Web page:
DJCAD Reflective Research Journal – Week Nineteen

This week, the Monday film screening was ‘The Rat Catcher’ by Lynne Ramsay,who I hadn’t heard of. It was extremely good and desperate and sad and made me think about film making, but still in terms of shorter art films as I don’t have the patience or skills, I don’t think for a feature length film.

I did some research into the wolf in fairy and folk tales and also bluebeard as I had made my wolf character blue and I think this was because blue beard was also in my mind; they are both predators. Clarissa Pinkolla Estes says in Woman Who Run With The Wolves, in her analysis of the Bluebeard story, that it’s not possible to awaken to full self-knowledge without a confrontation with the predator. Took lots of notes on the traits of wolves in stories and they fit well with my placing of the wolf.

We had a group tutorial with kate on Tuesday morning where we talked about the essay On Not Knowing by Elizabeth Fisher, discussing different strategies for allowing us as artists to be ok with not knowing exactly where we are at with our work all certain times. And that it’s from these spaces in between that ideas suddenly arise and that its good if we can relax and be ok with not knowing sometimes.

In the afternoon, we had individual tutorials and I told Kate about my idea of using a life sized painting of a woman to interact with in my performance instead of a real person and about the idea of stripping back layers, which laurie suggested (maybe pinned on pieces of canvas over her pubic area and breasts for example to take off to indicate shaving and a breast lift operation.) She didn’t like the idea of peeling back layers to reveal perfection and I immediately saw why. I showed her the latest cardboard wolf head I had made, painted with watercolour like a fairy tale book illustration and said maybe this could be my thing, performed illustrations of modern fairy/folk tales. We talked more about other methods of messing up these areas in the painting, maybe with paint during the performance, leaving her looking mauled by the wolf, but she liked the idea of keeping a real person (Hannah), playing the woman in the performance but still using the painting as a way to explore the performance ideas. I have been stuck on literally trying to include the painting in the performance /video work, when it’s still part of the process and could be exhibited alongside a video without physically being part of it.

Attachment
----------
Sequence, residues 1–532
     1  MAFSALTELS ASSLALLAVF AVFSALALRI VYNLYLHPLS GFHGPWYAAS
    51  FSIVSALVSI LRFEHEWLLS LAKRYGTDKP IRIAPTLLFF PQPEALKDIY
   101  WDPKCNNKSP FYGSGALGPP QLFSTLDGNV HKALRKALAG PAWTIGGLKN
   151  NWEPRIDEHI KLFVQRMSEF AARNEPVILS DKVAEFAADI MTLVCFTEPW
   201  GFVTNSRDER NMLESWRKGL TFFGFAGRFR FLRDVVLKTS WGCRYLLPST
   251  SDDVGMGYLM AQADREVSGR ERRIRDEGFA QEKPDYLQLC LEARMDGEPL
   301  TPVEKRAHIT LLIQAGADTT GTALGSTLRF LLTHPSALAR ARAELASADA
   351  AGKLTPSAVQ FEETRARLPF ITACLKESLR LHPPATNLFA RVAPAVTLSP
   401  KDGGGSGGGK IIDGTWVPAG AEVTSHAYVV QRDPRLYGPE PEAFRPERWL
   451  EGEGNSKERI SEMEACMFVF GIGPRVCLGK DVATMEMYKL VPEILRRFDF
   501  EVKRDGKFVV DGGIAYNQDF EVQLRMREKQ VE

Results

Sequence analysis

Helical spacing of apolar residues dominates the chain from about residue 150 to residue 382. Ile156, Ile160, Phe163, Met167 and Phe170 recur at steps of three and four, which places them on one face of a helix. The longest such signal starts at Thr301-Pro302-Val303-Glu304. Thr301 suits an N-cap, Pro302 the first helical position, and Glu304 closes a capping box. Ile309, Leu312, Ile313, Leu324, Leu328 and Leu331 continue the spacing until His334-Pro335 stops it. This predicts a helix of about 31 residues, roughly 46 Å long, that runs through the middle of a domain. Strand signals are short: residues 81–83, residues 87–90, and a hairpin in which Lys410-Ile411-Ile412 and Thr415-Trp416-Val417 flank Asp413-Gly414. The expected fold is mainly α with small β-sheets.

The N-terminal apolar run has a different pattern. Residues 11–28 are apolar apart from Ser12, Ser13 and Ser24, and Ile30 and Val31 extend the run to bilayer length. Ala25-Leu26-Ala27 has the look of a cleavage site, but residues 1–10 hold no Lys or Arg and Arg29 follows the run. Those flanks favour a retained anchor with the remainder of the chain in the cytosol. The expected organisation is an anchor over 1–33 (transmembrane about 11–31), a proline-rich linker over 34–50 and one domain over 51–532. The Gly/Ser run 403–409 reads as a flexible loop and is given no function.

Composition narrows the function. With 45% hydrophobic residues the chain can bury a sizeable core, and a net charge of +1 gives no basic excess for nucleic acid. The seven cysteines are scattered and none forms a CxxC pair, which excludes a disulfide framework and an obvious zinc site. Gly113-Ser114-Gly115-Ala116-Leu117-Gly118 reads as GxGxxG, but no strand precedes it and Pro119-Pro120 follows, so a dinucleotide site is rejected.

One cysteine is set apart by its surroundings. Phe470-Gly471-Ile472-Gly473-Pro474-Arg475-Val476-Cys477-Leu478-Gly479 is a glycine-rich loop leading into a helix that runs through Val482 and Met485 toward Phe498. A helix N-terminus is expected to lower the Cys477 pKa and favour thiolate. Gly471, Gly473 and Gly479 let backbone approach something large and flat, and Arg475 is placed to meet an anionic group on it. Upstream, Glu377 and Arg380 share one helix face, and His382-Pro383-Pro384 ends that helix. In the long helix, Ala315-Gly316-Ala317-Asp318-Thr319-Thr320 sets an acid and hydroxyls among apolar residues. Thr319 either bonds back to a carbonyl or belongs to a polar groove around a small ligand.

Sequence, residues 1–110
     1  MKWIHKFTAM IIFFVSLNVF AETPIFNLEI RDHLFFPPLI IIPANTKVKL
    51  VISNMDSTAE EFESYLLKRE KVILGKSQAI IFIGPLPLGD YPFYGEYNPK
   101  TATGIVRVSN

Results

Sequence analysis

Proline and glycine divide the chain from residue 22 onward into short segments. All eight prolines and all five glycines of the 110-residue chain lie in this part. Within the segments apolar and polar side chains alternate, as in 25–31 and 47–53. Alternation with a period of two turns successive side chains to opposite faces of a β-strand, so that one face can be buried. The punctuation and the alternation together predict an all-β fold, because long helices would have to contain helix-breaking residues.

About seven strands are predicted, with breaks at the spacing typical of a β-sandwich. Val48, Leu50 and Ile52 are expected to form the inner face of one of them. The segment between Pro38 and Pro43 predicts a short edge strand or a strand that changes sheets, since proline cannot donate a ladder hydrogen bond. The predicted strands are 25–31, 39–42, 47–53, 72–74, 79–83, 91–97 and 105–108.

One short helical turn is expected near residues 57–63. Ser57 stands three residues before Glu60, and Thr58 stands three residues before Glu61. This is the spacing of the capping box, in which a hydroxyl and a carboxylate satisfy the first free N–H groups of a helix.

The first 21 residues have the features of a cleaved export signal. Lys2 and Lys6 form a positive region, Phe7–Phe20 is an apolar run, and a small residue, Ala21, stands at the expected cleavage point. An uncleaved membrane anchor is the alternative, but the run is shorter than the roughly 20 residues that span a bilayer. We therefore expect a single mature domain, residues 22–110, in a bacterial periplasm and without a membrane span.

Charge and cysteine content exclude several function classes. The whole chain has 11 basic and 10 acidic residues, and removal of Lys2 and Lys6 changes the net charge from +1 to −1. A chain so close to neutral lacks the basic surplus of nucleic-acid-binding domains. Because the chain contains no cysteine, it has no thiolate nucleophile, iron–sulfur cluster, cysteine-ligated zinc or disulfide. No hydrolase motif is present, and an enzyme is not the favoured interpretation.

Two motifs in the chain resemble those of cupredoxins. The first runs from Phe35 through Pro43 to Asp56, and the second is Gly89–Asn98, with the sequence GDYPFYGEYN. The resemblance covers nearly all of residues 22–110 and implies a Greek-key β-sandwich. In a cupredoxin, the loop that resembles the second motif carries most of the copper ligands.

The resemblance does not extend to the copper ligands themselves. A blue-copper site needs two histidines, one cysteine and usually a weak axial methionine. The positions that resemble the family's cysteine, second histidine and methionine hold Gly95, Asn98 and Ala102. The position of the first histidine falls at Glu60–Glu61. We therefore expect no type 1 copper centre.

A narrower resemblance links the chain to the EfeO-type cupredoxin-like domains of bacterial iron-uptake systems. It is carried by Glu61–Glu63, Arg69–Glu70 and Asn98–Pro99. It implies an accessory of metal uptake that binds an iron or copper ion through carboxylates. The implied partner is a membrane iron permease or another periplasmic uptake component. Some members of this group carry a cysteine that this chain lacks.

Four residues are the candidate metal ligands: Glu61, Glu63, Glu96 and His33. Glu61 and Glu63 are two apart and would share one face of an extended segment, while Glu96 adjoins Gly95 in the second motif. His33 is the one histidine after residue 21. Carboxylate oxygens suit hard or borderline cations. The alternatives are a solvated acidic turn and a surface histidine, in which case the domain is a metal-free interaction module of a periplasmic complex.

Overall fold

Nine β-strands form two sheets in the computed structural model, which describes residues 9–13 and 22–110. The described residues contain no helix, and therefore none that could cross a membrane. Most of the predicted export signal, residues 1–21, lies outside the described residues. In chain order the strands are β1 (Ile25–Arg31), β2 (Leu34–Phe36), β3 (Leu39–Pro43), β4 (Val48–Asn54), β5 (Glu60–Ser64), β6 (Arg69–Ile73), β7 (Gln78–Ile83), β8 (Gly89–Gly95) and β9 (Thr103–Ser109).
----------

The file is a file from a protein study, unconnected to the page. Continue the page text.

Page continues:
I also talked about my wariness of showing such overt judgement, but she pointed out that Grayson Perry, for example, made judgements all the time in his work. I talked about using recordings of woman’s voices in the performance, giving the reasons why they shave and that I feel that we all as woman tell ourselves stories all the time about why we shave to make us feel it’s our decision, but the truth is we do it for men usually, or at least other people, and to fit in with the current social expectations, not because we want to for our own sake. We may say we like the look of shaved legs better, and that may be true, but it’s because of cultural and social conditioning. I also worried about blaming men (the wolf is definitely masculine) but looking back through the history of woman shaving body hair, I feel it’s probably fair enough to put the blame at men’s door originally, but maybe I need to do more research on this. Kate said there was so much in the etching that narrowing it down to being about shaving was a shame.